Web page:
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$£When it comes to running a business, it’s important to focus on the customers that are the most profitable. Not all customers are created equal, and some customers may even be dragging your business down.

In this blog post, we will discuss how to identify your most profitable customers, and the next steps to take once you’ve established who your biggest profit drivers are.

Differentiate Between Revenue and Profit

Just because a customer spends a lot of money with you does not mean that they generate a lot of profit. To get a clear understanding of who your most profitable customers are, you need to take a closer look at your profit margins.

To do this, you need to calculate your gross profit margin for each customer. This number will tell you what percentage of revenue is left after accounting for the costs of goods sold.

For example, let’s say that you have a customer who spends £100 with your company every month. To calculate your gross profit margin, you would take the total revenue (£100) and subtract the cost of goods or services sold (£40). This would leave you with a gross profit of £60.

To calculate the gross profit margin, you would then take that £60 and divide it by the total revenue of £100, and this would leave you with a 60% margin.

On the other hand, if a customer spends £300 per month with you but it costs you £250 to deliver their goods or services, you would be making a profit of £50. Despite the higher customer spend, your profit margin would stand at 16.6%.

In this case, the customer who spends less with you is actually more profitable. So, while customer spend is important to consider, it’s not the be-all and end-all when determining who your most valuable customers are.

Sales Volume

However, while one customer may generate an impressive profit margin, they may not necessarily drive a high volume of sales. In this case, you might want to consider customers who generate a high volume of sales, even if their profit margins are slightly lower.

For example, let’s say that you have two customers – Customer A spends £100 with you per month and has a gross profit margin of 60%, while Customer B spends £2000 with you per month but only has a gross profit margin of 30%. Customer B is still generating twice as much profit for your business, even though their profit margin is lower.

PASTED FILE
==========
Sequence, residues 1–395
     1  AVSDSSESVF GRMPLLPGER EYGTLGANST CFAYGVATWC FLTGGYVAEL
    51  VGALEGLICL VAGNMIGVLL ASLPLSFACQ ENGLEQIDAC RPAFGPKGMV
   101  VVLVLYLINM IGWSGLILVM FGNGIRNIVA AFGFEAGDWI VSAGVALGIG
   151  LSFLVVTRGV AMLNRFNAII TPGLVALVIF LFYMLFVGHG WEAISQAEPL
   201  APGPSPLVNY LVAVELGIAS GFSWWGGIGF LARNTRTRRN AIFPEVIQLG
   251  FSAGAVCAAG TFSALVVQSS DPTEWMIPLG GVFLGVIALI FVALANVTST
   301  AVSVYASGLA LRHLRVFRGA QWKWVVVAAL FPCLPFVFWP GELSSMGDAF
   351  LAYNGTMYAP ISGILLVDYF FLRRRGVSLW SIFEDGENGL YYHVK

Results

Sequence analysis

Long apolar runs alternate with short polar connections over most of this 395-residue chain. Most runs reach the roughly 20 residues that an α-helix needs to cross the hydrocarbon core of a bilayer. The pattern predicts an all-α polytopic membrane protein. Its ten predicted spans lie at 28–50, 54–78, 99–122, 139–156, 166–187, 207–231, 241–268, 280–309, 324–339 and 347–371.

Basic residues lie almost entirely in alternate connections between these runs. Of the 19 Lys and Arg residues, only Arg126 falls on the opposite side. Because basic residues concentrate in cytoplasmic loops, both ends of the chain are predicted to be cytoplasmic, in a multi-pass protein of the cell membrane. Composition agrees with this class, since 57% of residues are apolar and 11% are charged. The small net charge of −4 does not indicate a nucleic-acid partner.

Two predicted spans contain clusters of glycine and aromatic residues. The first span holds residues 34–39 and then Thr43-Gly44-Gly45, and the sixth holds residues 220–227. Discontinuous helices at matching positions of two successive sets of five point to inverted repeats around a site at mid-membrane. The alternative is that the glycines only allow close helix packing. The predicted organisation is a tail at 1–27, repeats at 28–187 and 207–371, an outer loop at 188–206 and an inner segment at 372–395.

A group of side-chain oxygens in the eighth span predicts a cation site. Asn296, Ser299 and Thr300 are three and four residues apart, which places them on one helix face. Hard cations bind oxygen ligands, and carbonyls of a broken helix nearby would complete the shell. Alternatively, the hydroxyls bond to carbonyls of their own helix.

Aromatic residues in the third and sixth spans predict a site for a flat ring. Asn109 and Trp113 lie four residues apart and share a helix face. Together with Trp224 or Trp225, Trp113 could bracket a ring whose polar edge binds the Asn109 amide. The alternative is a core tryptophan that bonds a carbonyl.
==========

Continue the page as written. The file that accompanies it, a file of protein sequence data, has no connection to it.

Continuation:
Consider Customer Lifetime Value

When determining who your most profitable customers are, it’s also important to consider customer lifetime value (CLV). This metric looks at the total amount of revenue that a customer will generate for your business over the course of their relationship with you.

To calculate CLV, you need to take into account a number of factors, including the average purchase value, the number of purchases per year, customer retention rate, and the profit margin.

For example, let’s say that the average customer spends £100 with you per year, makes two purchases per year, and has a retention rate of 50%. Additionally, let’s say that your profit margin is 50%.

To calculate the CLV, you would take the average purchase value (£100) and multiply it by the number of purchases per year (2). This would give you a customer value of £200. You would then multiply this by the customer retention rate (50%), which would give you a CLV of £100.

As you can see, the customer lifetime value can give you a more holistic view of how profitable a customer is likely to be in the long run.

Trimming the Fat!

Sometimes, if a customer or client is simply not profitable, you might have to let them go. This can be a difficult decision to make, but it’s important to remember that not every customer is going to be right for your business.

Your time, and your staff’s time, is a valuable resource. If you’re spending too much time and effort trying to service a customer who isn’t generating enough revenue or profit, then you may well be better off without them. By focusing on customers who really drive value for your business, you can free up time and resources to better serve your most profitable clients. This helps you to create a leaner and more profitable business that is ultimately more enjoyable and rewarding to run.

Final Thoughts

When it comes to determining who your most profitable customers are, there is no one-size-fits-all answer. It’s important to take a variety of factors into account, including customer spend, gross profit margin, customer lifetime value, and more.

By taking the time to analyse your data and understand how different customers contribute to your business’ bottom line, you can make more informed decisions about where to focus your efforts – and increase profits in the process.